NRI Papers
No.94 September 1, 2005
  Direct Underwriting of Government Bonds by the Bank of Japan in the 1930s  
Toshiki TOMITA
      Since the late 1990s, a period which was plagued by a prolonged economic recession and continued concerns over deflation, a high level of interest has been shown in Japan's economic policy in the 1930s from the perspective that a remedy to get away from deflation might be found in the practices of Finance Minister Korekiyo Takahashi under which the Showa Depression was overcome. In this regard, by paying attention to the fact that Japanese government bonds were required for risk premiums in the international financial market from the end of the 1990s, this paper indicates that Japanese government bonds in the 1930s served as precedents for these bonds.
      Prior to the implementation of the underwriting of government bonds by the Bank of Japan, measures were adopted to increase the liquidity of government bonds owned by financial institutions to reduce and eliminate interest risks. Specific measures include loans at the official discount rate by using government bonds as collateral, a change from market value to book value (issue price) in evaluating government bonds owned, the enforcement of the Capital Flight Prevention Law and control of overseas investment by the Foreign Exchange Control Law.
      The underwriting of government bonds by the Bank of Japan started in November 1932. While the selling of government bonds on the market by the Bank of Japan was smoothly implemented at first, changes started to occur in the latter half of 1935. Although a policy to reduce the amount of government bonds issued was announced, this policy that could lead to the reduction of military expenditures invoked a backlash among the military. Immediately after the coup in 1936 known as the February 26 Incident, the official discount rate was lowered, and 3.5-percent interest-bearing government bonds again started to be smoothly absorbed by financial institutions.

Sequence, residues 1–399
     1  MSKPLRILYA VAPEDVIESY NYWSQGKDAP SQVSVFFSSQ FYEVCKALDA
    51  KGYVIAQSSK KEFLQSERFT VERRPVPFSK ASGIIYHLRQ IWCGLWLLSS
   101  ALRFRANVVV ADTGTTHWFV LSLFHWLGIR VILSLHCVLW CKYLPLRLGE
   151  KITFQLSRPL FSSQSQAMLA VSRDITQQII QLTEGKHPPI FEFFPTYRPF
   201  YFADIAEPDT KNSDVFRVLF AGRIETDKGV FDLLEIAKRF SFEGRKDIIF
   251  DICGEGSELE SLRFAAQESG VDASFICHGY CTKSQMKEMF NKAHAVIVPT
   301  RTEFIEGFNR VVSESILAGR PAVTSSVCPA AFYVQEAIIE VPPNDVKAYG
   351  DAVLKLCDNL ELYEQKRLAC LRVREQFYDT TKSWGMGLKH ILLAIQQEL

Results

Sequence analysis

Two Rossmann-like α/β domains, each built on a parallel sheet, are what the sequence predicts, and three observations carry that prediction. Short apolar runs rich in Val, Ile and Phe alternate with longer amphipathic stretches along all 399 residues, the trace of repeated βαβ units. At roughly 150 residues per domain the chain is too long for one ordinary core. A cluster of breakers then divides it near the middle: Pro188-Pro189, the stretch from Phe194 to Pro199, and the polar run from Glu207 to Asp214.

With the outbreak of the Sino-Japanese War in July 1937, Japan shifted from its quasi-wartime structure to a wartime structure. Measures to absorb government bonds were strengthened, and the amount of government bonds exceeding the nation's economic scale was "smoothly" absorbed. This means that government bonds were jammed into a Japanese economy that was isolated by controls imposed on the transfer of funds.
      Under the controlled domestic government bond market, the interest rate remained stable at a low level until the end of the war, and a huge amount of government bonds was absorbed. However, the interest rate of pound-denominated Japanese government bonds on the London market had already started to increase substantially at the time of the Manchurian Incident after September 1931. This reaction was as if the London market had anticipated Japan's defeat and subsequent inflation.
I Managed Currency System and Low Interest Rate Policy
  1 Lifting of the Gold Embargo and Overseas Securities Investment
  2 Re-embargo on the Export of Gold
  3 Details of Takahashi's Expansionary Finance
II Why Was Underwriting of Government Bonds by the Bank of Japan Implemented?
  1 Was an Option of Public Offering Available?
  2 Temporary Lending from the Bank of Japan Had Occurred in the Past
  3 Underwriting of Government Bonds on the Assumption of Open Market Selling Operation
  4 Impact of Open Market Operations in the United States and the United Kingdom
  5 Underwriting by the Bank of Japan, Rather than Buying Operation
III Changes in Selling Operations and Further Absorption of Government Bonds
  1 Occurrence of Changes in Selling Operations
  2 Further Absorption of Government Bonds at the Outbreak of the Sino-Japanese War
  3 Reduction of Interest Rates for Loans Using Government Bonds as Collateral
  4 Promoting the Sales of Government Bonds to Individuals
IV Warning from International Financial Market
  1 Did Fisher Effect Emerge?
  2 Financial Discipline Became Lax by Financial Isolation
  3 Disregarded Warnings from the International Financial Market


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